Ten years after Hikisha Harris' breast cancer diagnosis, she's stepping into her purpose.
"I feel like I'm here for a reason," Harris said.
Harris believes her cancer journey and her faith led her to this moment in her life. She's a chaplain resident at the Richmond VA Medical Center.
"A bigger purpose for what God is preparing me for. For others. To be a light. To be an inspiration," Harris said.
By sharing her story, Harris hopes other patients can find their own inner strength.
She's been a type one diabetic since she was 11. At age 29, she was diagnosed with breast cancer.
"I said I feel something in my breast. It's hard. I don't know what that is," Harris remembered.
Harris was diagnosed with triple-negative breast cancer. It's an aggressive form of cancer.
"I went and had my pity party, but I thank God I knew God before this. I knew him," Harris said.
With her constant smiles, Harris would have a mastectomy, chemotherapy, and radiation.
She would endure intense side effects including acute heart failure.
Before treatments even began, Harris who was a mom to a then two-year-old and was going through a separation made a decision that would change her life.
"I wanted to have more kids," Harris said.
Harris underwent fertility preservation to help her have children once the treatments were over.
Dr. Richard Lucidi is an expert in reproductive endocrinology and infertility at VCU Health.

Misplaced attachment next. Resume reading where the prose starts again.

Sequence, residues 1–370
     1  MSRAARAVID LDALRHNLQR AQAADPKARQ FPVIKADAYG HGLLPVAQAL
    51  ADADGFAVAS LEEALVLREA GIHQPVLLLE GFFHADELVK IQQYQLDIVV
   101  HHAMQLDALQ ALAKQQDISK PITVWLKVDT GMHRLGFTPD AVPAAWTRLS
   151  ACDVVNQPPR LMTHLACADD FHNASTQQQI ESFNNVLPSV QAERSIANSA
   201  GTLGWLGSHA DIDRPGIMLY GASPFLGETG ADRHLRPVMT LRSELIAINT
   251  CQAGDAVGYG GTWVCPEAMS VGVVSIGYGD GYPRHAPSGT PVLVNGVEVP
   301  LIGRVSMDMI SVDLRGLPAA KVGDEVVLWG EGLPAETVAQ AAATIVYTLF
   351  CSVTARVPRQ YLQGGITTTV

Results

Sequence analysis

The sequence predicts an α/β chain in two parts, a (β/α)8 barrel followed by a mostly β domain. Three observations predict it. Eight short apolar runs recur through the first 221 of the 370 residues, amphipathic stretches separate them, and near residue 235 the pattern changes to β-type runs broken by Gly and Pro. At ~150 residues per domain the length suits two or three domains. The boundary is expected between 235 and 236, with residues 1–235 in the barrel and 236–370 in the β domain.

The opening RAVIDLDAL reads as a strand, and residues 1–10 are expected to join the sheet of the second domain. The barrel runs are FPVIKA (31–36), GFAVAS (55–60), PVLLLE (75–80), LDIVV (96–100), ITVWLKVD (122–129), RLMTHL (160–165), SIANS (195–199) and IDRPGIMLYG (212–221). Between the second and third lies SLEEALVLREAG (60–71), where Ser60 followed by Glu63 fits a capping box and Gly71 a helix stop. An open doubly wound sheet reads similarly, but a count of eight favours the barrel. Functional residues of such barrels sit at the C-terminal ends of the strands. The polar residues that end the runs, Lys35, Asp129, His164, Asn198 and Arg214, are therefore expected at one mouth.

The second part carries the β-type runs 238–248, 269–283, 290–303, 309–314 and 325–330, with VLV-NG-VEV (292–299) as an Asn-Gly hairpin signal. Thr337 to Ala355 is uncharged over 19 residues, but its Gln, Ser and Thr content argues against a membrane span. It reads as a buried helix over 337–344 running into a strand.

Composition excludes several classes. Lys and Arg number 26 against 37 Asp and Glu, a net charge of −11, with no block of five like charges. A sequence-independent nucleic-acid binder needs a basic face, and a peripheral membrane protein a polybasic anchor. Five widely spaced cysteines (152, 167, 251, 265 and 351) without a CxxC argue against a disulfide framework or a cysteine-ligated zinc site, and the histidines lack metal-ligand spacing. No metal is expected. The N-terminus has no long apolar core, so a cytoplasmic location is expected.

"It used to be just survive the cancer," Dr. Lucidi said. "Now, it's survive the cancer with as few side effects as you can."
As more patients survive cancer, Dr. Lucidi said there are options for women, especially younger women, who want to get pregnant after cancer treatments.
He said depending on the chemo, the treatment can cause the ovaries to stop functioning.
"Destroying all the eggs. So, she will also stop making estrogen and makes her menopausal," Dr. Lucidi said.
Fertility preservation options include freezing a woman's embryos which comes with a $12,000 dollar price tag or $6,000 for freezing her eggs.
"We can aspirate out the egg. Same day we get the eggs, we freeze them," Dr. Lucidi said.
"Every time you get your treatment, you get a shot," Harris said.
Harris opted for the less expensive option.
The Leuprolide or Lupron shot suppresses the ovaries and puts the patient in temporary menopause.
Dr. Ludici offers the shot as an option but warns it's not 100-percent effective.
"I'm so grateful I had her," Harris said.
Harris' baby girl was born in 2019. Harris called her daughter a blessing because, after all of her cancer treatments, Harris can no longer have more children.
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